Bristlecone Loop in Bryce Canyon is a short 1 mile loop that begins at the end of the scenic road in Bryce. It hikes through the ancient bristlecone trees from Yovimpa Point around to Rainbow Point. You can also hike it the other way around if you want since it’s a loop.
To walk the Bristlecone Loop trail park as near to the beginning of the parking lot as possible. This is a paved trail to Yovimpa Point overlook. There will be many tour buses of people heading along the paved trail and you should, too. After visiting the overlook, head back to the junction in the trail and turn down (right) following the sign for Bristlecone Loop. The trail splits again after about 100 yards, and you want to turn right again. Eventually, this trial will loop around and come out at Rainbow Point, which you can then view before heading back to your vehicle.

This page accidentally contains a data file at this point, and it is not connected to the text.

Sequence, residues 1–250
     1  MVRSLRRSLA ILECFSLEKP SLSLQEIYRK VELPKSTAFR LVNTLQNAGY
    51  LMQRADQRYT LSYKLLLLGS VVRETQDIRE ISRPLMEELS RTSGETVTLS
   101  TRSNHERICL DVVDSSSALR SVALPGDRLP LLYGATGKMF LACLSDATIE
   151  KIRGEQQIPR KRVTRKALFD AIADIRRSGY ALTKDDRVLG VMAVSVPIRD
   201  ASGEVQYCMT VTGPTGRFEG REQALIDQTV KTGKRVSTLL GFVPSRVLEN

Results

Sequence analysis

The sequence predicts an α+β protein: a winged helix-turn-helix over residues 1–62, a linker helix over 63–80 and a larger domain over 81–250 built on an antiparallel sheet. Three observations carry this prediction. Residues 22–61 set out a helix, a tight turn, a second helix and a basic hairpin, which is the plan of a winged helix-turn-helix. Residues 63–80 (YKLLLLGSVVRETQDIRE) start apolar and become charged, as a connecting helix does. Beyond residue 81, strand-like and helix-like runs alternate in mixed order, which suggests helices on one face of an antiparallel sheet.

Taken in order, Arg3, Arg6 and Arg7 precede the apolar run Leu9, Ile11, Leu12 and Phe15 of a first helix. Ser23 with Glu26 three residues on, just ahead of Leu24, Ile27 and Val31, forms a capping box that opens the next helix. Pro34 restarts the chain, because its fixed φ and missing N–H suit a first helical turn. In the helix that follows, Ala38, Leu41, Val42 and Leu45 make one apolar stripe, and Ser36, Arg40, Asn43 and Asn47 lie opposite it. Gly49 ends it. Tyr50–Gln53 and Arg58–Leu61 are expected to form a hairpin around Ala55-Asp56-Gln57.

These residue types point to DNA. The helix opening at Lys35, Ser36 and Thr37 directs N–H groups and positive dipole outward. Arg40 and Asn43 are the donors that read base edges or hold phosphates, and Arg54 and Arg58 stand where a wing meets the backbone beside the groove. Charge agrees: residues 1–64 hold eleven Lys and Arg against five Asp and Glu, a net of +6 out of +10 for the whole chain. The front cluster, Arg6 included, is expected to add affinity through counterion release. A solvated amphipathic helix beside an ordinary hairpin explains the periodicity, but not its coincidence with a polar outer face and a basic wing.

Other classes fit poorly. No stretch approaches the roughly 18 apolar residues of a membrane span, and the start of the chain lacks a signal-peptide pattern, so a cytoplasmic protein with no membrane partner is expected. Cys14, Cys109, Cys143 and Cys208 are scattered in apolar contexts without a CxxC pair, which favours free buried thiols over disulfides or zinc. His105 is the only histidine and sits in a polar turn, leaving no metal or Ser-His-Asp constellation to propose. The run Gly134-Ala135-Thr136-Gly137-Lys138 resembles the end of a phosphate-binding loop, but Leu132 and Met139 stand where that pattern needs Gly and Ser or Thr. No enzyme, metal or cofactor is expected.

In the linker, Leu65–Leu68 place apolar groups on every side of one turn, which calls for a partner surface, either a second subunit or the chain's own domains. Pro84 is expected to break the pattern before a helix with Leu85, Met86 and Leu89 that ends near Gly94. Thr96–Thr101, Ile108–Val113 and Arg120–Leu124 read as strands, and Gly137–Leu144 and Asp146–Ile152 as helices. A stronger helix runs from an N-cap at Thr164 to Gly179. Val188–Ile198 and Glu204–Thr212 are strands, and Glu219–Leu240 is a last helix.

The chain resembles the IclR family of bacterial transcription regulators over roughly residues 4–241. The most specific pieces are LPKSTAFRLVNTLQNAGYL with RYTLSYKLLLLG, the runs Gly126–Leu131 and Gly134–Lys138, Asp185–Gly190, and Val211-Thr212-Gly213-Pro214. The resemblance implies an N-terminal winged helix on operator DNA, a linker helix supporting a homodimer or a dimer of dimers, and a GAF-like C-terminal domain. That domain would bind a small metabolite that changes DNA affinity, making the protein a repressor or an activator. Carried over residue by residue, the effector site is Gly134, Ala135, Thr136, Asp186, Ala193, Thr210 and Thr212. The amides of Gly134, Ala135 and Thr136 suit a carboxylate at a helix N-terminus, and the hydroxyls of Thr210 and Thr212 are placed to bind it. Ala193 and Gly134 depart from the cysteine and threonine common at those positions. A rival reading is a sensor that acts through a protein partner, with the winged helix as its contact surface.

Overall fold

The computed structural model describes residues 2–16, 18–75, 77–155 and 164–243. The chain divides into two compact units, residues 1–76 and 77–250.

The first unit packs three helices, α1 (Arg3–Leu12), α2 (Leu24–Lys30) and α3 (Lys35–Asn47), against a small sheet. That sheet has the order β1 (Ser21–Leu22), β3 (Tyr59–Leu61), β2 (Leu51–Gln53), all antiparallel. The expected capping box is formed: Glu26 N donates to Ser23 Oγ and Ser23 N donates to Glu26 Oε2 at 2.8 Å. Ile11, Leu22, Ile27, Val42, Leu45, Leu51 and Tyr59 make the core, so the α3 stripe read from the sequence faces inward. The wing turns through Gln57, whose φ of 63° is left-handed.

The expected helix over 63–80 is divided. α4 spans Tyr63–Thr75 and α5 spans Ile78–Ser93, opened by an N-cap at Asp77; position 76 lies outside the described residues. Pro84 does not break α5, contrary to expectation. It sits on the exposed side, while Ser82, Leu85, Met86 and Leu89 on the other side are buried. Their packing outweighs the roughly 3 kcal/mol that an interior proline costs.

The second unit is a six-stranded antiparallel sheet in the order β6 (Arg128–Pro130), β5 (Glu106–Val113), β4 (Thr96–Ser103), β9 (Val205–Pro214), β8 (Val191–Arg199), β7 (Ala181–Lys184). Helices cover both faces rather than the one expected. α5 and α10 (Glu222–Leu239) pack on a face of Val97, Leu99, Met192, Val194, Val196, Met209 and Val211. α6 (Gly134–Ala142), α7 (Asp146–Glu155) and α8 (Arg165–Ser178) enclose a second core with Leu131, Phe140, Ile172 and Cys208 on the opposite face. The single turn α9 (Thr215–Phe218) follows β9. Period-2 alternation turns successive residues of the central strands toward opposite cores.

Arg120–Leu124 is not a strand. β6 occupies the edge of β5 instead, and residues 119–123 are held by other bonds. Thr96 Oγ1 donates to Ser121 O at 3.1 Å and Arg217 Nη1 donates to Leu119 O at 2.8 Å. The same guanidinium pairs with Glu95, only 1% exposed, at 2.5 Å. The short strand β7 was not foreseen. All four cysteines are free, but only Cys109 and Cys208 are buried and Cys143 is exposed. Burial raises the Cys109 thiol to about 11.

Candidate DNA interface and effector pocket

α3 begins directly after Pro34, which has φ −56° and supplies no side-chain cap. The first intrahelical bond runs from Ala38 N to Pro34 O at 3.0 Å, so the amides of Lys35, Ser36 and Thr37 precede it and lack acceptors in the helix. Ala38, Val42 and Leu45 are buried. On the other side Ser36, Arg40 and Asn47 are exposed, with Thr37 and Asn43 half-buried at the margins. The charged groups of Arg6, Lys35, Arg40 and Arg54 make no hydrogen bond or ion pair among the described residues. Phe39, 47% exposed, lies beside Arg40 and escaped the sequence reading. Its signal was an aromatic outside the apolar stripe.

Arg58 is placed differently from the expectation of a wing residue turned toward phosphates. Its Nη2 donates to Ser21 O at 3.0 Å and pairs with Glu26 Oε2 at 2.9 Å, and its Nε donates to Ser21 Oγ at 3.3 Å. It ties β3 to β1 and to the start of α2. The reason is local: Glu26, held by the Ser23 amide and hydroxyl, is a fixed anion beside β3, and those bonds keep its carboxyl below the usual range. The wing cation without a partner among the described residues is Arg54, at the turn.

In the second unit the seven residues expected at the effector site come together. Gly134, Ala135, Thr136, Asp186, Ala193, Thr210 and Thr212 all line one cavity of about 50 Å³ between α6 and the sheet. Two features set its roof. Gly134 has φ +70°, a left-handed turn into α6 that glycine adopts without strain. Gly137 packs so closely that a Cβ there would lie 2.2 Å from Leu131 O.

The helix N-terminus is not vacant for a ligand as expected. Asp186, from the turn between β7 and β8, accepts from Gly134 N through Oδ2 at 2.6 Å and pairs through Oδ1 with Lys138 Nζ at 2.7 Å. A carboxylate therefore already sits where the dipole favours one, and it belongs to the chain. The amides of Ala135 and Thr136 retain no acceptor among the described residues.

The hike through the pines is really nice. It is mostly shady, and there are pine cones littering the path and squirrels chattering in the trees. Our oldest boy said, “I walk 50 steps and see a squirrel, then 50 more steps and see another squirrel,” so keep your eyes open.
The bristlecone pines are amazing, too. First of all, they smell almost sweet and piney, nothing like that little tree you hang from your rearview mirror. They are also very old. The sign claims that one tree, which looks dead but apparently was just latent when we were there, is over 1,200 years old! There is definitely a feeling of reverence as you walk this trail.
The trail is mostly flat and well marked. As you come to the old pine tree, there are also beautiful views of Bryce Canyon. This was the first place we visited in Bryce, so our boys were in awe of the Hoodoos. There are a few interpretive signs and an impressive overlook, too. At this old tree, the trail begins to double back to the parking lot. You will have a slight climb as you head back toward the parking lot, but nothing very strenuous. Our three year-old walked the entire way except for when he fell and scraped his knee (shown below being carried).
Along the trail, you can also spot a Hike the Hoodoos marker where you can do a rubbing or take a photo with (see Bryce Canyon Hoodos Challenge).